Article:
Sheikh Hasina’s problems are, of course, the problems of incumbency, but also that her erstwhile ally, the Jatiya Party of former dictator Hussain Muhammad Ershad, has said it will seek to contest the election on its own. The Bangladeshi economy has done well under her watch, averaging 6.7% annual growth in the last four years and growing even faster than India in 2017. Yet there are persistent weaknesses in the government system that cannot be easily overcome.
In the current situation, the Bangladesh Army has so far remained non- political, but it did step in in 2006 to prop up a caretaker government for a period of two years before elections were held bringing Sheikh Hasina to power. The corruption charges against Begum Khaleda were actually filed by the caretaker government.
If there are serious questions about the fairness of the elections under the auspices of an Awami League government, there are chances that the Bangladesh Army will once again be brought in to provide the process credibility. But Sheikh Hasina has kept the army close to herself, doubling its size and providing a generous budget with which to equip itself and build new bases.
Geopolitical hot spot
The one-sided 2014 election, which some Western countries frowned on, provided Beijing with an opportunity to reach out to Dhaka. China has a growing interest in Bangladesh both as a means of containing India and for its strategic location at the head of the Bay of Bengal, proximate to Rakhine state in Myanmar, where it has significant investment and from where it has an important pipeline that avoids the Malacca Strait and transports oil directly to its landlocked Yunnan province.
While India has been Bangladesh’s longtime trade and aid partner, China has emerged as a serious rival. China, which has invested US$3 billion in the country since 2007, has been involved in building bridges, roads and power plants in the country. It is also Dhaka’s biggest supplier of military hardware.
In his October 2016 visit, Chinese President Xi Jinping promised $20 billion worth of investments in infrastructure. One analysis says that this could rise to $31 billion and that if the commitments are actually implemented, China could emerge as the largest investor by far in Bangladesh. India cannot match China, but it has upped its credit line to $4.5 billion, the highest it has offered anywhere.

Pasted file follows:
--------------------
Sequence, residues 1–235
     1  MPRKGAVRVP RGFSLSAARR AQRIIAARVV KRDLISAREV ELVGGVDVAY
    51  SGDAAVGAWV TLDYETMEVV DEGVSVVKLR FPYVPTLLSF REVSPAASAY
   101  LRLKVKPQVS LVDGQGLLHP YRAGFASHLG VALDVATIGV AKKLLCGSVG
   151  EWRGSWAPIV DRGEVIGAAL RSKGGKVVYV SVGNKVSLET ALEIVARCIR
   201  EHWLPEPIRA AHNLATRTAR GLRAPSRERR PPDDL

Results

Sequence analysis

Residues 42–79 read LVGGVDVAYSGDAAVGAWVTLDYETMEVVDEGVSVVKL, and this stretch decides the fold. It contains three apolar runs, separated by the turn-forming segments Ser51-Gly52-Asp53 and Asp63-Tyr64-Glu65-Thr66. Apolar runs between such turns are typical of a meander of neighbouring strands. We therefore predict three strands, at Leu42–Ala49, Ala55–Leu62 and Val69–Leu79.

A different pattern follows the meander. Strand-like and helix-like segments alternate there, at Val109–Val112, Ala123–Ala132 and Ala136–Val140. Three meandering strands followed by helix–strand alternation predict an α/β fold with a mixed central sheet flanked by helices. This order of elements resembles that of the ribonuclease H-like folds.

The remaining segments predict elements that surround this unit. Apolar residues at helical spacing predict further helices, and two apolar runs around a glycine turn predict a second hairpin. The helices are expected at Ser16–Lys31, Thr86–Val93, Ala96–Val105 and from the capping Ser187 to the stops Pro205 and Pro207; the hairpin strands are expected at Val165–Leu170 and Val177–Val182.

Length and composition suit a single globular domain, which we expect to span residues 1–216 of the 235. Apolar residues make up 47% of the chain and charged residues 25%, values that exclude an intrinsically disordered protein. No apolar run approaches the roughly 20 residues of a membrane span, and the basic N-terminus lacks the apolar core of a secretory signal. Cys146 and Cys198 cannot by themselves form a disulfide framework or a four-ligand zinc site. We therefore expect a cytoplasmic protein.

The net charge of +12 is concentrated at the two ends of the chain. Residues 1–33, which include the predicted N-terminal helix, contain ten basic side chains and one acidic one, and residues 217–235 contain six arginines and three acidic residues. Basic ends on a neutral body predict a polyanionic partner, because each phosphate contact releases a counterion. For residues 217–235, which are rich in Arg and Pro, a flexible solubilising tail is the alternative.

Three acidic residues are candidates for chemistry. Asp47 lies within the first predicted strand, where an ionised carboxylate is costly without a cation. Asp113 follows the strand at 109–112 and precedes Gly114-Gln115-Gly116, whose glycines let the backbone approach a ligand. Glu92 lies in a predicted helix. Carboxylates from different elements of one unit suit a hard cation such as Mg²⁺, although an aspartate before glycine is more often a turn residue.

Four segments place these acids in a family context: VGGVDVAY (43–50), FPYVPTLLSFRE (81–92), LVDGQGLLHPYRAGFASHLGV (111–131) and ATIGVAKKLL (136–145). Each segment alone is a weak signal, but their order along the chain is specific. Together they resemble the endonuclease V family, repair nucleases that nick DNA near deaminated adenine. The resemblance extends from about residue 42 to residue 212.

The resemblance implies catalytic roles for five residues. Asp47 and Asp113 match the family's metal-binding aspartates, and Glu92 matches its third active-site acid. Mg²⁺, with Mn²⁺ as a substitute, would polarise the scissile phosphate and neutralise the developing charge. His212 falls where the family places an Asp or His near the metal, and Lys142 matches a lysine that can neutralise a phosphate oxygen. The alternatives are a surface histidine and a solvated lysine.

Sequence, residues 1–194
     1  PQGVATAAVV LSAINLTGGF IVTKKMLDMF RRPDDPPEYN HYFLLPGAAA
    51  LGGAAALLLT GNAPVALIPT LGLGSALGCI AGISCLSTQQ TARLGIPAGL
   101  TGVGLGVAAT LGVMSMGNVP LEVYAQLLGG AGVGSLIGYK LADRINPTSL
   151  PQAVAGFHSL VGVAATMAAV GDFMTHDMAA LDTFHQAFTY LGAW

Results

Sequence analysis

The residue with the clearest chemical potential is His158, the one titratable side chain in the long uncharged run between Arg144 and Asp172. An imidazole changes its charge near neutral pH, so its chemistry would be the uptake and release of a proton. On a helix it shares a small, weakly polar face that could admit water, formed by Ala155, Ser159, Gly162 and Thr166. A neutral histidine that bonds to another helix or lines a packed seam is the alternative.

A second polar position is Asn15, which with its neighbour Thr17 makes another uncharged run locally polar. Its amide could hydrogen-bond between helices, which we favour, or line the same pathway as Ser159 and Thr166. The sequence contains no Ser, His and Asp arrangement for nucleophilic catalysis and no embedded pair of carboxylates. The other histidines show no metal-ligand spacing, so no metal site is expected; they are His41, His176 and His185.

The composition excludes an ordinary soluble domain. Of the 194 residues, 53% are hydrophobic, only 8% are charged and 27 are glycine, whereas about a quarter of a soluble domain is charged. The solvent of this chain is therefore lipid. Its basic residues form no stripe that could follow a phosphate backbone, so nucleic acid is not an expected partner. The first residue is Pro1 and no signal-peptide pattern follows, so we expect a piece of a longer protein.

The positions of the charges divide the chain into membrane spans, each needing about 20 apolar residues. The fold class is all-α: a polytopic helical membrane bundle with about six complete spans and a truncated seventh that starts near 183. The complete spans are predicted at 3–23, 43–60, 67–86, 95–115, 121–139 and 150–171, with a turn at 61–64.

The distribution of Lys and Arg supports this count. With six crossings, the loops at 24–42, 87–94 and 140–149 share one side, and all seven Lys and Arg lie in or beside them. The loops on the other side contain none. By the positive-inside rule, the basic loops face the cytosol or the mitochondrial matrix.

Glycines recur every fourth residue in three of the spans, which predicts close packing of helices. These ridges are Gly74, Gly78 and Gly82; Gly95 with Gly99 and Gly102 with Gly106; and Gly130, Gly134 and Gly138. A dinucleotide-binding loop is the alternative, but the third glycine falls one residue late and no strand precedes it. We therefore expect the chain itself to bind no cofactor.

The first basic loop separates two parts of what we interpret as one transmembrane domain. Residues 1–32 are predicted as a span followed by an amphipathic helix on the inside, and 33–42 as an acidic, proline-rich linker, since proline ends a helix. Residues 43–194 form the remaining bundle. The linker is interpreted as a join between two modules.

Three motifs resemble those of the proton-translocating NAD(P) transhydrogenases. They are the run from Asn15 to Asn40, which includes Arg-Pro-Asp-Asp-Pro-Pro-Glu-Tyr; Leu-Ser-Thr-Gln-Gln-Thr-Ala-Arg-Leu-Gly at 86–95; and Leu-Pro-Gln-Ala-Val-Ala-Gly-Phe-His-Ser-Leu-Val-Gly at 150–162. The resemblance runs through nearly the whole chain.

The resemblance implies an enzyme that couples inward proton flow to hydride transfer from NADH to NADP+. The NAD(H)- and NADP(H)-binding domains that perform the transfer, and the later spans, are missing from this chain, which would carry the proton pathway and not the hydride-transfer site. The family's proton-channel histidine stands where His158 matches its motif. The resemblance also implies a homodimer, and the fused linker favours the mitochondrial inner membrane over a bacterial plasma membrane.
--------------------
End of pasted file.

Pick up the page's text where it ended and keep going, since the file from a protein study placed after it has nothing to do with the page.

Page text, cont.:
The Rohingya issue has the potential to poison both Indian and Chinese relations with Bangladesh. On one hand, China has not permitted any condemnation for the Myanmar government’s role in triggering the exodus of Rohingya Muslims, and on the other, some in India remain concerned that the Rohingya will infiltrate into India in larger numbers and pose a threat.
The question for the rest of the world and, more important, neighbor India, is what does the future look like in Bangladesh?
The worst-case scenario is that the weakening of the parliamentary parties and the growing power of such groups as Hefazat Islam (Defenders of Islam), a network of madrassa leaders who oppose the establishment of a secular polity and want sharia rule in the country. As it is, Islamist ideologues have already succeeded in shifting the national narrative by rewriting textbooks to exclude non-Muslim writers and ideas.
In 2015-16, there were attacks on bloggers, academics and Hindus by Islamists. The Awami League government only began to crack down after the massacre in the Holey Artisan Bakery in July 2016. The other alternative is a military government, which the country has experienced several times in the past.
Bangladesh is in a relatively sweet spot, but with a big “if.” It has had an old history of Islamist radicalism, but the newer and more virulent forms of Islamism could tear the country apart.